Despite the fact that the Rowdies have already dispatched Atlanta twice this year, including a solid 2-0 win on the road just last Wednesday, Neill Collins has maintained that no match is a given in the USL Championship. Last place Miami proved that this past weekend as it came into St. Petersburg and took a point off the Rowdies.

Still Lucky After All These Years

If not for Mustapha Dumbuya being born a month earlier than him, Lucky Mkosana would be the oldest member of this year’s Rowdies squad.

Maybe it’s all the youthful energy around him on Tampa Bay’s relatively young roster, but Mkosana says he’s feeling as spry and as fit as ever in his ninth season as a professional.

“This is gonna sound crazy, but I feel fitter,” the 32-year-old said. “I feel fitter and sharper than last year. Even from two years ago, I feel sharper because of the time we had off with COVID.”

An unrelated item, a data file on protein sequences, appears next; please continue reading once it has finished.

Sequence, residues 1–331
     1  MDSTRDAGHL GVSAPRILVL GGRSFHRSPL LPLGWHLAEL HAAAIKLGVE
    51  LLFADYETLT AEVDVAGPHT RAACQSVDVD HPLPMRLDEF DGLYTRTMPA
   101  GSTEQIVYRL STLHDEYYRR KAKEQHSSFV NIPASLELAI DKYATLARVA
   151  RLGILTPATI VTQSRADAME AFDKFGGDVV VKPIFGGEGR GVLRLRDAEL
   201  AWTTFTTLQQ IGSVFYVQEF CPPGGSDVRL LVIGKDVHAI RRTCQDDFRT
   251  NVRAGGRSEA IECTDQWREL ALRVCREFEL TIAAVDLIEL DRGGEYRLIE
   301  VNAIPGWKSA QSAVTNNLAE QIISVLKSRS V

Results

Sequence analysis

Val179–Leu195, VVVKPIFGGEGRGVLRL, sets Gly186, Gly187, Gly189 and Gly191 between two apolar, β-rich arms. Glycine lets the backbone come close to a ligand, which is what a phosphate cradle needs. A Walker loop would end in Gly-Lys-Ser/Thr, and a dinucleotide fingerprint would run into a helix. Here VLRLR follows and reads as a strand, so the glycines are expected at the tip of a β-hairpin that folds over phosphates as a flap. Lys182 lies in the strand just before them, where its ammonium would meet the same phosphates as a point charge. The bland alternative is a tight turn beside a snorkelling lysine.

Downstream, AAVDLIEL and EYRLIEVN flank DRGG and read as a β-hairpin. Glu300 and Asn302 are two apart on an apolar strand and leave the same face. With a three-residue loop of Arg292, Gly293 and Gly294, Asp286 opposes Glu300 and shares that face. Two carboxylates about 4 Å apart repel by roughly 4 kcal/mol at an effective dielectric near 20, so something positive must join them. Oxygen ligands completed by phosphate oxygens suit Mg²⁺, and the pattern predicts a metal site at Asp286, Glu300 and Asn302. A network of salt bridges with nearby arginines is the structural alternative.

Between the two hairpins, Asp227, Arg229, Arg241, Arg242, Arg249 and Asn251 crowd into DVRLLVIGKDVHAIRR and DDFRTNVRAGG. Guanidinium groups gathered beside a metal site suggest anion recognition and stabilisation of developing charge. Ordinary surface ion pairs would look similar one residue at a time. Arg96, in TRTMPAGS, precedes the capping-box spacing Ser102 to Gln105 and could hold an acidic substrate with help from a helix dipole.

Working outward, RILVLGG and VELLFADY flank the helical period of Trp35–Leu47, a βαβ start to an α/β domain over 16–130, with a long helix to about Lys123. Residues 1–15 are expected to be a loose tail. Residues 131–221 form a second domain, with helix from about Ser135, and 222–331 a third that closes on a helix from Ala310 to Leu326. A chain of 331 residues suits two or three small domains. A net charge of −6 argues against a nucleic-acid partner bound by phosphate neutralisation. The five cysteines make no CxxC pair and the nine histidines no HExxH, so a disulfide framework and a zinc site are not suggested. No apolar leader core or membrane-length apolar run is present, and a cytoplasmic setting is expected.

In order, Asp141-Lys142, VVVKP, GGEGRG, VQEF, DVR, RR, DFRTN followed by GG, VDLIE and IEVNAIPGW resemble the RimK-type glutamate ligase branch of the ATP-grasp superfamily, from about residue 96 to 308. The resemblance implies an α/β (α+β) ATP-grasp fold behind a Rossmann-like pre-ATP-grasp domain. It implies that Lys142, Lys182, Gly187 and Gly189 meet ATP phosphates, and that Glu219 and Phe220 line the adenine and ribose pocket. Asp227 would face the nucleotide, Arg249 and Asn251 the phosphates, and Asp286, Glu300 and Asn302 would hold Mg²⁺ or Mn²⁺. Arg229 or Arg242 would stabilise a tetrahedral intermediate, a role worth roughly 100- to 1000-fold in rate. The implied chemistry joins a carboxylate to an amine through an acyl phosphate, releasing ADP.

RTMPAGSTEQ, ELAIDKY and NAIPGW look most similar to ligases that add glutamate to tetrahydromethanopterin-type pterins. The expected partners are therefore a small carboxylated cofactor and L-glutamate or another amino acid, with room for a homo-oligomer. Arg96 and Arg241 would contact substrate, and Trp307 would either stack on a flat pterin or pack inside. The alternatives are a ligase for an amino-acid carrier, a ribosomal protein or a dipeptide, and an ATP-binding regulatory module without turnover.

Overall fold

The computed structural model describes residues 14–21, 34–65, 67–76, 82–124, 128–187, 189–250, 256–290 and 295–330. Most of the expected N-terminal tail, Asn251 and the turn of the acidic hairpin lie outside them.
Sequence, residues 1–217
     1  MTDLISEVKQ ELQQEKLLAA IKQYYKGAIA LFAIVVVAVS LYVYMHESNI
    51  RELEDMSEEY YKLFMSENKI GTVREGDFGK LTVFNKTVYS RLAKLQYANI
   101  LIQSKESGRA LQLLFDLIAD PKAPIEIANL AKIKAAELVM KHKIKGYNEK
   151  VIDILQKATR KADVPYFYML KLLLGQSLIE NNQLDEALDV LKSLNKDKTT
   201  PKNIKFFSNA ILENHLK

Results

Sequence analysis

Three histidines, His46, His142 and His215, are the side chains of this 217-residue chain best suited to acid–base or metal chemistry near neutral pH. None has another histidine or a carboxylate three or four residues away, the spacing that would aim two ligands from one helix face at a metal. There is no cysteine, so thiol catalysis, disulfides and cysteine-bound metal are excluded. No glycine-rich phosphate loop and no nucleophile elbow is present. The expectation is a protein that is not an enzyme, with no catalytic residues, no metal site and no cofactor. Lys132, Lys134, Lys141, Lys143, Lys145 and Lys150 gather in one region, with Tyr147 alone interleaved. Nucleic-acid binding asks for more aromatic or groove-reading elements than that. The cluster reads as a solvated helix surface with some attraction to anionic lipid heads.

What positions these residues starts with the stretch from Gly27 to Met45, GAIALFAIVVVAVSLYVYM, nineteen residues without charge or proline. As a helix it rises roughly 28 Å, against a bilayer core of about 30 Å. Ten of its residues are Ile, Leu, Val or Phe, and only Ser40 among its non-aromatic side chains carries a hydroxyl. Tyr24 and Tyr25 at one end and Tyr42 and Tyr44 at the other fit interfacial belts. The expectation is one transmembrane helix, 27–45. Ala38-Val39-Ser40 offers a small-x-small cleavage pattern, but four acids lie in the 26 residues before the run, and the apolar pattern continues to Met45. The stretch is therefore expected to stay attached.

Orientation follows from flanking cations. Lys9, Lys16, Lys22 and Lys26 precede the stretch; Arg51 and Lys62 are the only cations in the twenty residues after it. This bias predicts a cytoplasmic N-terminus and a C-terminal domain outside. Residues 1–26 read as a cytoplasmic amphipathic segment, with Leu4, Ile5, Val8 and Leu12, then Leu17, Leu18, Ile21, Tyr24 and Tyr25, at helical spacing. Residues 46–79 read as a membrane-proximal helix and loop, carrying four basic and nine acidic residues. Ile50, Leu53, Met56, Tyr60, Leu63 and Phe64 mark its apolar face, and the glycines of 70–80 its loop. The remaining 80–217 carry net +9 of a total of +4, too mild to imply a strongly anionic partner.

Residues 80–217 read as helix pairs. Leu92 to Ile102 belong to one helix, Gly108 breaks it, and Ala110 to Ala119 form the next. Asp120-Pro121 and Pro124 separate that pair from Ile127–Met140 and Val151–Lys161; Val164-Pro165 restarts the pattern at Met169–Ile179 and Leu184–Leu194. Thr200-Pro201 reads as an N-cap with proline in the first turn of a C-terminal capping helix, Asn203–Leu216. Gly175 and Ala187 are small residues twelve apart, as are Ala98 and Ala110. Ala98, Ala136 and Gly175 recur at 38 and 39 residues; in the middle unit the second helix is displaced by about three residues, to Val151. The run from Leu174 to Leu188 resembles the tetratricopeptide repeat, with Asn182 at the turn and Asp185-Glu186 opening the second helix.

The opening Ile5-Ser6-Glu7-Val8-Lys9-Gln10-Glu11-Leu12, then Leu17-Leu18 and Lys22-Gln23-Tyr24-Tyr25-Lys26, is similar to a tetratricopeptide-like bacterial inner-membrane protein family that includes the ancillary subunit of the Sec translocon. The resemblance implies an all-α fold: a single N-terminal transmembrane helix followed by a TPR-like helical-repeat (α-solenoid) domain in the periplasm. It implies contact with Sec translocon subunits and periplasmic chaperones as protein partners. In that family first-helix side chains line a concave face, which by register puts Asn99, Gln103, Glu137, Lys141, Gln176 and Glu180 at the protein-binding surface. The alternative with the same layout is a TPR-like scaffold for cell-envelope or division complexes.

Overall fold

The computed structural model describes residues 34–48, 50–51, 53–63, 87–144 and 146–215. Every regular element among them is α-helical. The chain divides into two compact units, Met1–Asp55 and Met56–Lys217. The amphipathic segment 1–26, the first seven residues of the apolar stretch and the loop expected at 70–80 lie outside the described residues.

Mkosana credits the Rowdies’ training staff for offering helpful workouts to keep him and the rest of the players in shape during the shutdown. He spent the time in lockdown focusing on strengthening his knee and as a result feels fully charged for the condensed season.

The Rowdies brought Mkosana back to Tampa Bay midway through last year. He had previously played for the Rowdies while on loan in 2013 and then as a full-time player in 2014. Following that, Mkosana went on to be a regular contributor to two New York Cosmos championship teams.

In his time away from the Rowdies, the bigger picture and how he can best fit into that design has become clearer to Mkosona.